In [18]: lxml.etree.from
lxml.etree.fromstring      lxml.etree.fromstringlist  

In [18]: lxml.etree.fromstring(data)
---------------------------------------------------------------------------
XMLSyntaxError                            Traceback (most recent call last)

/mnt/articles/<ipython console> in <module>()

/usr/lib/python2.5/site-packages/lxml-2.2.4-py2.5-linux-i686.egg/lxml/etree.so in lxml.etree.fromstring (src/lxml/lxml.etree.c:48270)()

/usr/lib/python2.5/site-packages/lxml-2.2.4-py2.5-linux-i686.egg/lxml/etree.so in lxml.etree._parseMemoryDocument (src/lxml/lxml.etree.c:71812)()

/usr/lib/python2.5/site-packages/lxml-2.2.4-py2.5-linux-i686.egg/lxml/etree.so in lxml.etree._parseDoc (src/lxml/lxml.etree.c:70673)()

/usr/lib/python2.5/site-packages/lxml-2.2.4-py2.5-linux-i686.egg/lxml/etree.so in lxml.etree._BaseParser._parseDoc (src/lxml/lxml.etree.c:67442)()

/usr/lib/python2.5/site-packages/lxml-2.2.4-py2.5-linux-i686.egg/lxml/etree.so in lxml.etree._ParserContext._handleParseResultDoc (src/lxml/lxml.etree.c:63824)()

/usr/lib/python2.5/site-packages/lxml-2.2.4-py2.5-linux-i686.egg/lxml/etree.so in lxml.etree._handleParseResult (src/lxml/lxml.etree.c:64745)()

/usr/lib/python2.5/site-packages/lxml-2.2.4-py2.5-linux-i686.egg/lxml/etree.so in lxml.etree._raiseParseError (src/lxml/lxml.etree.c:64088)()

XMLSyntaxError: PCDATA invalid Char value 30, line 1, column 1190

In [19]: chardet.detect(data)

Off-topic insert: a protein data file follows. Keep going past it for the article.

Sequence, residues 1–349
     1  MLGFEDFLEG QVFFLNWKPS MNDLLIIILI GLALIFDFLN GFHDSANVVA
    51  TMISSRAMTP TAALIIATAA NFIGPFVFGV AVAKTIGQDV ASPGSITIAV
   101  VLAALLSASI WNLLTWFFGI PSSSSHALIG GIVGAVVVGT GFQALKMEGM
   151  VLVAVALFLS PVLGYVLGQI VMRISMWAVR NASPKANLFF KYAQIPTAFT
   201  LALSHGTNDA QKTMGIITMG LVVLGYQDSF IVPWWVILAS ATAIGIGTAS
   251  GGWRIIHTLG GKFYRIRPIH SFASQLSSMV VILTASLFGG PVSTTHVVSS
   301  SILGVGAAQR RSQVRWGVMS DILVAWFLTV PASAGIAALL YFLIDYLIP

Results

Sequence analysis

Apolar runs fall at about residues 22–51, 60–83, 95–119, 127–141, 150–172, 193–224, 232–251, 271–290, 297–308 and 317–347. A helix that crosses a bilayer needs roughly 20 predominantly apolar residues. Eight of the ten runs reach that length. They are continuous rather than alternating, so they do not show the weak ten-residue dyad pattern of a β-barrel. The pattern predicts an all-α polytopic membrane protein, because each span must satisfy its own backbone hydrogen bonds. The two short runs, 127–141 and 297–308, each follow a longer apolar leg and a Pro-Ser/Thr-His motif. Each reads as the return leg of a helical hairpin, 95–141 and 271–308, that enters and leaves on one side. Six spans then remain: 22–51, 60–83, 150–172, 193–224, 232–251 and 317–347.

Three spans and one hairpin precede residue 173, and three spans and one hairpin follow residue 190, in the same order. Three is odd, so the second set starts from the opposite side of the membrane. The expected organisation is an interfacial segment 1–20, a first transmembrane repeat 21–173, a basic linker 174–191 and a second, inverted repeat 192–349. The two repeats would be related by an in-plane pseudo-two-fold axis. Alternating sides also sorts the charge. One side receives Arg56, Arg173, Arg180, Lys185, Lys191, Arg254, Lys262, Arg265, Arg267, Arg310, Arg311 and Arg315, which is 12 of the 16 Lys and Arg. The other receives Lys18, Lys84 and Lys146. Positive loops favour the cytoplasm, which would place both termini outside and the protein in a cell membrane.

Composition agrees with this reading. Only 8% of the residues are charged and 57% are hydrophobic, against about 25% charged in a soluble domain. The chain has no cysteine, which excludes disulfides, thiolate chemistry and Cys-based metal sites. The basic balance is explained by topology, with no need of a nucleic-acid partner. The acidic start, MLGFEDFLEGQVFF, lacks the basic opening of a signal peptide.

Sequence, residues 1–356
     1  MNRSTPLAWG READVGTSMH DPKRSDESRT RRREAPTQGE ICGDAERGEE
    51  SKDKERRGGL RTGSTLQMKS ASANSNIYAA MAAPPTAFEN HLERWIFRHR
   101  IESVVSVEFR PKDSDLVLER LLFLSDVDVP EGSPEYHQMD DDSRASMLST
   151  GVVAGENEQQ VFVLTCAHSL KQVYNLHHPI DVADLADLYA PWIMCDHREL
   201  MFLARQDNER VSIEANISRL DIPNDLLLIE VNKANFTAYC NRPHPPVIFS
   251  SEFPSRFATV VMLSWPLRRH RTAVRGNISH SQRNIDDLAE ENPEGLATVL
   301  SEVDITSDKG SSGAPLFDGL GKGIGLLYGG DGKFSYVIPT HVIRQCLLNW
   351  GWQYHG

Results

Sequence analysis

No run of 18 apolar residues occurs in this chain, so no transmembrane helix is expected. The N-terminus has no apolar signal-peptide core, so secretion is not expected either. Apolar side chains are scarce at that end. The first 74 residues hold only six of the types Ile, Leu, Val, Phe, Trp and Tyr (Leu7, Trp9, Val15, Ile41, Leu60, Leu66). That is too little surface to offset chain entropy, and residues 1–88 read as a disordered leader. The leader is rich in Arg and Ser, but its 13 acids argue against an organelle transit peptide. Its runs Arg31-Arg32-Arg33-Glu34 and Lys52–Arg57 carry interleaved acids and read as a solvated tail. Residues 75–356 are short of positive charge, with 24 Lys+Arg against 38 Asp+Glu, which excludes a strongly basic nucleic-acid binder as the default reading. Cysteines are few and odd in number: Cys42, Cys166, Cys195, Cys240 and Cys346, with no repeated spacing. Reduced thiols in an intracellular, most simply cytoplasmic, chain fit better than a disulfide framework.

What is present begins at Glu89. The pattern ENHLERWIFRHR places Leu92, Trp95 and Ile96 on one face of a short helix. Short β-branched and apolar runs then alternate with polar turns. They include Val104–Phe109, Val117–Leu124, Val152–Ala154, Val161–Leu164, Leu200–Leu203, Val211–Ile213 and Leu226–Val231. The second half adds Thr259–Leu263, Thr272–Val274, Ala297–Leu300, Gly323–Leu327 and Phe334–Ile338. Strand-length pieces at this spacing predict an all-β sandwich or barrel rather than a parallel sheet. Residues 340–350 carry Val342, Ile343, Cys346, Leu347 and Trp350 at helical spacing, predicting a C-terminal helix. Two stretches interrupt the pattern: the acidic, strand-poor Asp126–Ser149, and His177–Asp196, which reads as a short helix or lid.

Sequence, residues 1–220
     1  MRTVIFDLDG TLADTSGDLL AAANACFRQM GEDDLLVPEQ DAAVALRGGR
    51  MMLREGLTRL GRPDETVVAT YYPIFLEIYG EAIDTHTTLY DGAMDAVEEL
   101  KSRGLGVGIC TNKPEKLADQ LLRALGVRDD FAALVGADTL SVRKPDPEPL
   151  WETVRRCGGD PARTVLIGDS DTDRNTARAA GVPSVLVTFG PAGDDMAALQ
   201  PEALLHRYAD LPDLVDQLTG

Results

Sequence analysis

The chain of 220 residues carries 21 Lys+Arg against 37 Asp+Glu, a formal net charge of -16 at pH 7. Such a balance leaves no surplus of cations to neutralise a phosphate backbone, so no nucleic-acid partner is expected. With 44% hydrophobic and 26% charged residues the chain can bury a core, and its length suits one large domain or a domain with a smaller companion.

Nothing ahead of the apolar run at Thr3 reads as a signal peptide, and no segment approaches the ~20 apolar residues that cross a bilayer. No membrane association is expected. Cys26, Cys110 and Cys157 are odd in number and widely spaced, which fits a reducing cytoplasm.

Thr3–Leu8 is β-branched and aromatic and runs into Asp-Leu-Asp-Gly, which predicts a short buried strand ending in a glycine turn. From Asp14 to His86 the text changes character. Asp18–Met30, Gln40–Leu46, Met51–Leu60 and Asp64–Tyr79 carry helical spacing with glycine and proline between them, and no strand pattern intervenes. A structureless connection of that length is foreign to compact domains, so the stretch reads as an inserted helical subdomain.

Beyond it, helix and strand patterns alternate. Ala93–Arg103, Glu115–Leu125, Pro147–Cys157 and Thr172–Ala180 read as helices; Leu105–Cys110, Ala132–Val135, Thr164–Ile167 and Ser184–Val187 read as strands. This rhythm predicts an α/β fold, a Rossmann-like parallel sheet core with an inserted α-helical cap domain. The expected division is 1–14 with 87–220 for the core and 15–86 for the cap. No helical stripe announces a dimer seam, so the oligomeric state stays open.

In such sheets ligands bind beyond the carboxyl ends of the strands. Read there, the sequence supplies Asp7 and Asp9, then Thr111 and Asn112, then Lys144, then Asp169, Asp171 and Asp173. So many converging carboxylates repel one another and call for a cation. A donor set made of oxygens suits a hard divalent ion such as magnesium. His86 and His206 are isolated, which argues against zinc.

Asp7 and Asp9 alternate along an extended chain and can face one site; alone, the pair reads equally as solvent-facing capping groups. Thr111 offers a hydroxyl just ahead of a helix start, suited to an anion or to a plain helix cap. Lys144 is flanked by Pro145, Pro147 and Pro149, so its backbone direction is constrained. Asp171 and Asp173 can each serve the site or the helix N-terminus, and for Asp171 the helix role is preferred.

Out[19]: {'confidence': 1.0, 'encoding': 'ascii'}

As you can see, chardet thinks it is an ascii file, but there is a "\x1e" right in the middle of this example which is making lxml raise an exception.

share|improve this question
1  
The simplest change may be to set the character encoding type in xml declaration. Have you tried that? –  vtd-xml-author Feb 28 '10 at 22:01
1  
What do you mean by "bad unicode"? Are you using the correct encoding? –  John La Rooy - AKA gnibbler Feb 28 '10 at 22:03
    
The data is from a MySQL dump. I don't know what the encoding is. How can I find out? –  erikcw Feb 28 '10 at 22:16

3 Answers 3

The currently accepted answer is, well, not what one should do. The question itself also has a bad assumption:

parser = lxml.etree.XMLParser(recover=True) #recovers from bad characters.

Actually recover=True is for recovering from misformed XML. There is however an "encoding" option which would have fixed your issue.

parser = lxml.etree.XMLParser(encoding='utf-8' #Your encoding issue.
                              recover=True, #I assume you probably still want to recover from bad xml, it's quite nice. If not, remove.
                              )

That's it, that's the solution.


BTW -- For anyone struggling with parsing XML in python, especially from third party sources. I know, I know, the documentation is bad and there are a lot of SO red herrings; a lot of bad advice.

  • lxml.etree.fromstring()? - That's for perfectly formed XML, silly
  • BeautifulStoneSoup? - Slow, and has a way-stupid policy for self closing tags